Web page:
September 22, 2015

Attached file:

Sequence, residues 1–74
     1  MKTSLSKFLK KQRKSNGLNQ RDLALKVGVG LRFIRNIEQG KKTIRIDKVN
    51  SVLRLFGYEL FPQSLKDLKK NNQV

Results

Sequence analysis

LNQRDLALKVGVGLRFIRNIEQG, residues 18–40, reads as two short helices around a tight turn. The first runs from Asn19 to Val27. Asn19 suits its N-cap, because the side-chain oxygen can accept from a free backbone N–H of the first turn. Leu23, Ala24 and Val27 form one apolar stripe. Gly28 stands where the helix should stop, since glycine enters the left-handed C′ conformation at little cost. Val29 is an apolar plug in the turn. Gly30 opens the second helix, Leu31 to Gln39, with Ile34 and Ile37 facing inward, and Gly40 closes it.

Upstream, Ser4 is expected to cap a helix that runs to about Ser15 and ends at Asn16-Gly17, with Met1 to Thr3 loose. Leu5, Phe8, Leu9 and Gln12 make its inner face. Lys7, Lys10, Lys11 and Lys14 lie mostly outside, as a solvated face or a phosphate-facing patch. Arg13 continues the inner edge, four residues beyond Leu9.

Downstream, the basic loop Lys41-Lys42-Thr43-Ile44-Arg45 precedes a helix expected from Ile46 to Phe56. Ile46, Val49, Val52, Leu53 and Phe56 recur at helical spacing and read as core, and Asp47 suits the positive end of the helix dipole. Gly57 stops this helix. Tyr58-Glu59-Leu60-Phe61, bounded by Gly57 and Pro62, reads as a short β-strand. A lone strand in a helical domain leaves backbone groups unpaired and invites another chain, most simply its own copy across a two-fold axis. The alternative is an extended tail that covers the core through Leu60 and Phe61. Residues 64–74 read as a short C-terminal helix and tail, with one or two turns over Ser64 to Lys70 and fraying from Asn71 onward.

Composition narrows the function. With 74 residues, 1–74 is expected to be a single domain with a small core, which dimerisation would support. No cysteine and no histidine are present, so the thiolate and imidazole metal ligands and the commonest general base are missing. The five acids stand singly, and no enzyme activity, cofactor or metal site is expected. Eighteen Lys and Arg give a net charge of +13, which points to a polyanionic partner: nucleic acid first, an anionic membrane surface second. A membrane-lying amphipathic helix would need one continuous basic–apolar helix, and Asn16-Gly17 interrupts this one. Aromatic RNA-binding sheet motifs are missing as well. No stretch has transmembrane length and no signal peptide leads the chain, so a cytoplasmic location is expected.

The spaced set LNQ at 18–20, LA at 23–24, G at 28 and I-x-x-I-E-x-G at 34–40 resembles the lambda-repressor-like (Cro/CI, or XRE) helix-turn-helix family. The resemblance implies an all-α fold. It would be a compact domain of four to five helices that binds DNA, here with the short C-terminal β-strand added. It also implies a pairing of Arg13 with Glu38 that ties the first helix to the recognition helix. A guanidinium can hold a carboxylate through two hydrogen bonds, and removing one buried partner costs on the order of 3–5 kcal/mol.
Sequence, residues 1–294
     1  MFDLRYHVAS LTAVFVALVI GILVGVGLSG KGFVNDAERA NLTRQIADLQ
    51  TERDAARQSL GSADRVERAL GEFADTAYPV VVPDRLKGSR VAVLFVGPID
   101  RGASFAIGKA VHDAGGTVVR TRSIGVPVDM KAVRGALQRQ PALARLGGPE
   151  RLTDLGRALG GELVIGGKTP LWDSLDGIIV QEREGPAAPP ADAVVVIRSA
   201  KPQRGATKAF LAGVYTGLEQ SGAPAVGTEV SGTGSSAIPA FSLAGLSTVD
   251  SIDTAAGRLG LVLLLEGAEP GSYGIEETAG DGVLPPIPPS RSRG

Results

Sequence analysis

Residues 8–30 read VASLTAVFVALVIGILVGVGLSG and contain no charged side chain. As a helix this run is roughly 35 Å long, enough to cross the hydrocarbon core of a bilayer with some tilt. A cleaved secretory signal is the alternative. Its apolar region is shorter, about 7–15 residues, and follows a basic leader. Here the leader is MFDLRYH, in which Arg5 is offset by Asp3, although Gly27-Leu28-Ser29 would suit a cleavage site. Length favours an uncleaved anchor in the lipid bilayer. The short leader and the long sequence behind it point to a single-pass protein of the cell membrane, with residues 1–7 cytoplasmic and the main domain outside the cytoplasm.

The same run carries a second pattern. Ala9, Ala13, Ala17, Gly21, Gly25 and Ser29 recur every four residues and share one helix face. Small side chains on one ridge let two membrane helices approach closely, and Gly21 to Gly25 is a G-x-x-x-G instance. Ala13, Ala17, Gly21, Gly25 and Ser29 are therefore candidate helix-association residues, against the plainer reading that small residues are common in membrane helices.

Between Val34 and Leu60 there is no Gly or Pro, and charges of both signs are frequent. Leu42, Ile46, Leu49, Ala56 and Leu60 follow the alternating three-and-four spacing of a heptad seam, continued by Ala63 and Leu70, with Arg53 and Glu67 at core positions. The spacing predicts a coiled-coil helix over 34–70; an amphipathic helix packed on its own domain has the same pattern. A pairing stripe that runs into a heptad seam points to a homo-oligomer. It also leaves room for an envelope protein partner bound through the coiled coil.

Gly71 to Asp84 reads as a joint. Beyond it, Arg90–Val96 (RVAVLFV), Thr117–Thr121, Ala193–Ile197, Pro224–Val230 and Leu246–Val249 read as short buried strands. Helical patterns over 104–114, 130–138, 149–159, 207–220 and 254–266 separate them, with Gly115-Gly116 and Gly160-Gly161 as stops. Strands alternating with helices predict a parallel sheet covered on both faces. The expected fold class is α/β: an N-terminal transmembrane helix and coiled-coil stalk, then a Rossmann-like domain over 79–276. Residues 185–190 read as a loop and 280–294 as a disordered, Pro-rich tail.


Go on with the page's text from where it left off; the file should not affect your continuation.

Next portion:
I was lucky to enter the office furniture industry in 1971, at the beginning of a decade shaped by the explosive advent of new office technology. What had gone before would not have looked that different to anyone who’d worked a corporate office in the 1890s: serried ranks of desks occupied by clerical staff bashing away on manual typewriters and comptometers (calculating machines). Although electric typewriters had been around for most of the century, decades of global conflict had constrained their development. The first major advance came with the launch of the IBM Selectric golf-ball in 1961. Although a beautiful object – I recall this being the first item associated in my mind with the term ‘product design’ by a named designer (Eliot Noyes) – it remained expensive and rare until the price reductions driven by the multi-licensing in 1972 of the Diablo daisy-wheel print head.